While the composition—defined by the hard edge of her black chador against the bright white background—appears sparse, measured and symmetrical, the split created by the weapon implies a more violent rupture or psychic fragmentation. A single subject, it suggests, might be host to internal contradictions alongside binaries such as tradition and modernity, East and West, beauty and violence. In the artist’s own words, “every image, every woman’s submissive gaze, suggests a far more complex and paradoxical reality

behind the surface.” [1]
Shirin Neshat, Rebellious Silence, Women of Allah series, 1994, B&W RC print & ink, photo by Cynthia Preston ©Shirin Neshat, courtesy Barbara Gladstone Gallery, New York and Brussels
The Women of Allah series confronts this “paradoxical reality” through a haunting suite of black-and-white images. Each contains a set of four symbols that are associated with Western representations of the Muslim world: the veil, the gun, the text and the gaze. While these symbols have taken on a particular charge since 9/11, the series was created earlier and reflects changes that have taken place in the region since 1979, the year of the Islamic Revolution in Iran.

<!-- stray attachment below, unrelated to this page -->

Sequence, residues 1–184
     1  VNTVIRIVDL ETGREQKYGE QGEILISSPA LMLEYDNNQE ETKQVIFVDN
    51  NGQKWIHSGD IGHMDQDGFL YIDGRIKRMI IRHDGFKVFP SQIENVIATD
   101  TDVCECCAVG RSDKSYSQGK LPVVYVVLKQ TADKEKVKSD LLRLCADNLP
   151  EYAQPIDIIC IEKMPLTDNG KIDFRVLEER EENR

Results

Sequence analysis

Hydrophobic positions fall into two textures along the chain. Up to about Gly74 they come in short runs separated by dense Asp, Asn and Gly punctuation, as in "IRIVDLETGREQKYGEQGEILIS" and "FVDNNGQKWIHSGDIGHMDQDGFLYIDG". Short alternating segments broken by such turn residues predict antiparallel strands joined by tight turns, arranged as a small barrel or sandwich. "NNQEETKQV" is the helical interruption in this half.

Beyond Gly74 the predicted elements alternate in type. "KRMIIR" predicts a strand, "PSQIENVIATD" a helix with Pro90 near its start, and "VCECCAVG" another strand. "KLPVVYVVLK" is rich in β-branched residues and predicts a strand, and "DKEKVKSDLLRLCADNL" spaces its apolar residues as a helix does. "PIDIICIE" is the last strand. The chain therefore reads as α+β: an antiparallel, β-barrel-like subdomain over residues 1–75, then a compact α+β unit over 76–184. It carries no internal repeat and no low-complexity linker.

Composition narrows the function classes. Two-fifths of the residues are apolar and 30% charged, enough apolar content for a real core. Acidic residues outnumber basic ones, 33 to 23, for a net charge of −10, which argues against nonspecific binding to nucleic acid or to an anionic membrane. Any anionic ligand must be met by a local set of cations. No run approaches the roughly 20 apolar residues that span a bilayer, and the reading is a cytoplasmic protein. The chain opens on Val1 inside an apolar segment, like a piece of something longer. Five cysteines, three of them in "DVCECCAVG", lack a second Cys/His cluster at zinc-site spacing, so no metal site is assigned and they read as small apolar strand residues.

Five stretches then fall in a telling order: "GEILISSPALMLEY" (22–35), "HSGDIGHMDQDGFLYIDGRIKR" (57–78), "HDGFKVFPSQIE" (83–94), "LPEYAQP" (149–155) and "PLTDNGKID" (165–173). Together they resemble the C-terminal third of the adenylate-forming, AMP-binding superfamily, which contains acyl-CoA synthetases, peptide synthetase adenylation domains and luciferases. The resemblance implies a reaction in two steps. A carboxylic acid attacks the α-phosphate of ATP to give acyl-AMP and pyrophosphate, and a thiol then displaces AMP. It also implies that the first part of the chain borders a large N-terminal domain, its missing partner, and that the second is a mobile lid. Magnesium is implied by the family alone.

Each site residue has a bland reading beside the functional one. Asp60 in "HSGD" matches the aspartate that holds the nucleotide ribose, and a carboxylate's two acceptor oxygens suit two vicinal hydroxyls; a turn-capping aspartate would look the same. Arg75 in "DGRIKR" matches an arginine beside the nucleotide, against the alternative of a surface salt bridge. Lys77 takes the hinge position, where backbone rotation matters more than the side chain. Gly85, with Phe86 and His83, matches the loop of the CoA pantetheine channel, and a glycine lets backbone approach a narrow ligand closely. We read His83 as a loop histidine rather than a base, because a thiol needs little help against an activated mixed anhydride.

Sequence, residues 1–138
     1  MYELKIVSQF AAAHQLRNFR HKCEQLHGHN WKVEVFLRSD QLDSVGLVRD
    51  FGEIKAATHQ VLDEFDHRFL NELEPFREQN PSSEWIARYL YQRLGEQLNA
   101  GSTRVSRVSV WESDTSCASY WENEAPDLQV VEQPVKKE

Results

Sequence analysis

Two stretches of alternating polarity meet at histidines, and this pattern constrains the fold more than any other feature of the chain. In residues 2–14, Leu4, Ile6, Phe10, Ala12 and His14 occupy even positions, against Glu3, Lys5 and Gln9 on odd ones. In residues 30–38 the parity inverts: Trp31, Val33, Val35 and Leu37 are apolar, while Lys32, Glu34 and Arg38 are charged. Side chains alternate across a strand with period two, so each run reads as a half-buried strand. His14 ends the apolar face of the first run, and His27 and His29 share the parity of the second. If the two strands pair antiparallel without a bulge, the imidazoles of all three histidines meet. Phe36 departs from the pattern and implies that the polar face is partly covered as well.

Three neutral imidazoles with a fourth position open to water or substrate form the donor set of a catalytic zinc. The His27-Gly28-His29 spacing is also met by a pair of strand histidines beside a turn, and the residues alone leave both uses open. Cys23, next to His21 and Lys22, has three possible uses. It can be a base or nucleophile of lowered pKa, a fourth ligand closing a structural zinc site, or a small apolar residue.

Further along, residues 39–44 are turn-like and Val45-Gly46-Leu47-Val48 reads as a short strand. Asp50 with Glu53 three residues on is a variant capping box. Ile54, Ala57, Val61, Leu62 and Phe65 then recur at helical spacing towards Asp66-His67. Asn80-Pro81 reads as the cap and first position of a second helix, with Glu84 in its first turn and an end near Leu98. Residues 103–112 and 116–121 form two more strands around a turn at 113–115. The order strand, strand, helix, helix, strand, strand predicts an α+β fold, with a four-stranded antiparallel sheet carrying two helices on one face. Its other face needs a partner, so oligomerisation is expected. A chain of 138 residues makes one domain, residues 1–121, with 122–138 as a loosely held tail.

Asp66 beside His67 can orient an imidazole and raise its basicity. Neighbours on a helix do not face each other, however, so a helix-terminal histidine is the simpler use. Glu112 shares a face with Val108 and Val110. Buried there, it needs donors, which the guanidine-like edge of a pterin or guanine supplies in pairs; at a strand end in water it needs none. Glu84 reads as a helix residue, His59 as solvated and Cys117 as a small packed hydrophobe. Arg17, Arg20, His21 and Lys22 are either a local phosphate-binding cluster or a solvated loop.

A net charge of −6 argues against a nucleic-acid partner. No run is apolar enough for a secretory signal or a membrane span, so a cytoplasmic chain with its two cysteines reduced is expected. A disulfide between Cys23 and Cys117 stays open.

The veil is intended to protect women’s bodies from becoming the sexualized object of the male gaze, but it also protects women from being seen at all. The “gaze” in this context becomes a charged signifier of sexuality, sin, shame, and power. Neshat is cognizant of feminist theories that explain how the “male gaze” is normalized in visual and popular culture: Women’s bodies are commonly paraded as objects of desire in advertising and film, available to be looked at without consequence. Many feminist artists have used the action of “gazing back” as a means to free the female body from this objectification. The gaze, here, might also reflect exotic fantasies of the East. In Orientalist painting of the eighteenth and nineteenth centuries, for instance, Eastern women are often depicted nude, surrounded by richly colored and patterned textiles and decorations; women are envisaged amongst other beautiful objects that can be possessed. In Neshat’s images, women return the gaze, breaking free from centuries of subservience to male or European desire.